Break the Chain
If all the people in the Texas criminal justice system lived in a single community, it would be the fourth largest city in Texas. More than 700,000 Texans are either behind bars or on probation. By 2040, the number of incarcerated could balloon to more than 340,000, according to the state demographer. If state leaders and prison officials consciously set out to create the least effective, most destructive, fiscally unsound prison system possible, they probably couldn’t match the irrationality of what we have. The system’s reckless disregard for reality fails inmates and guards, and imperils every Texan.
That Texas prisons are hellish-violent, unsanitary, and cruel-is not news. The longest-running prison litigation in U.S. history, Ruiz v. Estelle, amply documented that fact. Federal oversight of the Texas prison system ended in 2002, but conditions can still only be described as abysmal. From October 2006 to October 2007, 12,806 Texas inmates reported injuries requiring care beyond routine first aid. According to the federal Bureau of Justice Statistics, Texas accounted for 36 percent of all inmate rapes nationwide in 2005.
It’s unsettling to realize that many free-world Texans take a perverse pride in how vile the prisons are. The harsher the punishment, the more effective the deterrent, they figure. If only it were that simple. Even locked inside, prisoners are part of the community. Texas recidivism rates are among the highest in the nation. Approximately 30 percent of released offenders will be locked up again within three years, according to a 2006 legislative report. Hepatitis C and other infectious diseases rage through the system. When ex-convicts try to reintegrate into society, they bring all the dysfunction of the system with them. This is to say nothing of the broken homes they leave behind when they go inside.
For those tasked with guarding Texas inmates, the situation is equally bleak. The Texas system is short approximately 3,000 guards. In the last six years, 30,000 correctional officers have left-that’s 5,000 more than the total number still working, according to AFSCME, a union that represents prison guards. It’s more than just low pay that’s driving guards away. Exit interviews reveal that 28 percent left because of poor working conditions. And no wonder. From August 2006 to August 2007, inmates attacked Texas prison officials an average of 86 times a month. Legislative efforts to improve working conditions by improving training, advancement opportunities, and grievance policies were vetoed by the governor.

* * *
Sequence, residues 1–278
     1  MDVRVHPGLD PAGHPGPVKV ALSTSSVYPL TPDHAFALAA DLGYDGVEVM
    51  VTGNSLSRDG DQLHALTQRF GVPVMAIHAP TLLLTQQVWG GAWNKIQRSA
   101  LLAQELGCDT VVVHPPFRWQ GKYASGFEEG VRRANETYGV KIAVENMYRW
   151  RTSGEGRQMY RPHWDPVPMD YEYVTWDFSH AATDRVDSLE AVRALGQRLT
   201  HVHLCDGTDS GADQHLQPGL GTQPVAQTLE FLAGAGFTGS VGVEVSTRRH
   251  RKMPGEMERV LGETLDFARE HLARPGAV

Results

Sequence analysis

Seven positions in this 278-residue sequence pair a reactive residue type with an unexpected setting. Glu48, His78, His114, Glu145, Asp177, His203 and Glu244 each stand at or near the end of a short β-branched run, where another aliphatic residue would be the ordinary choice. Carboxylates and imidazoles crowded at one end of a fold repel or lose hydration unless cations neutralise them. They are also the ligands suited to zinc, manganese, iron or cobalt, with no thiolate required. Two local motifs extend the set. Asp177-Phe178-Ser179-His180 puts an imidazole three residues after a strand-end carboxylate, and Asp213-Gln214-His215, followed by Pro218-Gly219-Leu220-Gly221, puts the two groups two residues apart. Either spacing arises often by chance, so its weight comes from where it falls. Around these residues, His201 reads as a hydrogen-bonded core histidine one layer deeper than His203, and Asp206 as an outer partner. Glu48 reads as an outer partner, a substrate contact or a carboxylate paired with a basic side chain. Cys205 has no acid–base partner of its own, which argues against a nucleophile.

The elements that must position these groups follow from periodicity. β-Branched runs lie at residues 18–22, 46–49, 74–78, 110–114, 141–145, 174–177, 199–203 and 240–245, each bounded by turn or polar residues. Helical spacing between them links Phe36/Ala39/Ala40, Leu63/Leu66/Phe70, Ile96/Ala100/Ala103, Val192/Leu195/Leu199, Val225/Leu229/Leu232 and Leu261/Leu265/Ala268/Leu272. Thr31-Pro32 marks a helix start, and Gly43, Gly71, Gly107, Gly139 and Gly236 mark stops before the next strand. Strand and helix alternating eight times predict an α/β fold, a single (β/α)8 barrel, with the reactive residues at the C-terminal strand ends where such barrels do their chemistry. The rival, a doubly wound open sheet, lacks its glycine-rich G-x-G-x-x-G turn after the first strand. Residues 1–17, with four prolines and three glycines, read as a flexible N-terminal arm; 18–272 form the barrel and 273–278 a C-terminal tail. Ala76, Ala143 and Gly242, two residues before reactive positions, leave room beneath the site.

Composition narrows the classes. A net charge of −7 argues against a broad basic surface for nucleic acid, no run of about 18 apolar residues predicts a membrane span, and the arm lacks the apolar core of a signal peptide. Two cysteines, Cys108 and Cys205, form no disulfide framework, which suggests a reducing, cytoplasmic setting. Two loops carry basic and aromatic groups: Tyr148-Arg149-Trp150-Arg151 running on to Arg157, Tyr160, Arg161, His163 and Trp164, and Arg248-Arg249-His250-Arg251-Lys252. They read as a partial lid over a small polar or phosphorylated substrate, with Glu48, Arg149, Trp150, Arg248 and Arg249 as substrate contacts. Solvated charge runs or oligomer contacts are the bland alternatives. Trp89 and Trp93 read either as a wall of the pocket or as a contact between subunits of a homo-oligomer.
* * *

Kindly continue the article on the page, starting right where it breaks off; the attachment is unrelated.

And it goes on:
Folly seldom comes cheap. Between 1980 and 2002, Texas increased prison capacity by 127,000 beds at a cost of $2.3 billion. Voters just approved $233 million in bonding authority to build three more prisons without considering how much it will cost to operate them. Building prisons and increasing sentences is like crack cocaine for ambitious politicians. There are nearly 2,000 felonies in the Texas penal code. Between 1997 and 2002, the average amount of time served by prisoners increased 83 percent in part because of harsher sentencing laws.
It doesn’t have to be this way. Increasing parole rates for nonviolent, first-time offenders by only 4 percent would eliminate the need for any new prison beds in the short term, according to the Texas Criminal Justice Coalition. The group’s Web site (www.criminaljusticecoalition.org) has a number of commonsense solutions to prison overcrowding, including increased drug treatment and probation reform. For what we spend on each addict in a Texas prison, five could be given drug treatment at nearly the same cost.
The time to act is now. Texas is on the precipice of a huge demographic boom. We can no longer afford to make the prison system the drain of choice for societal ills best handled in a less punitive fashion.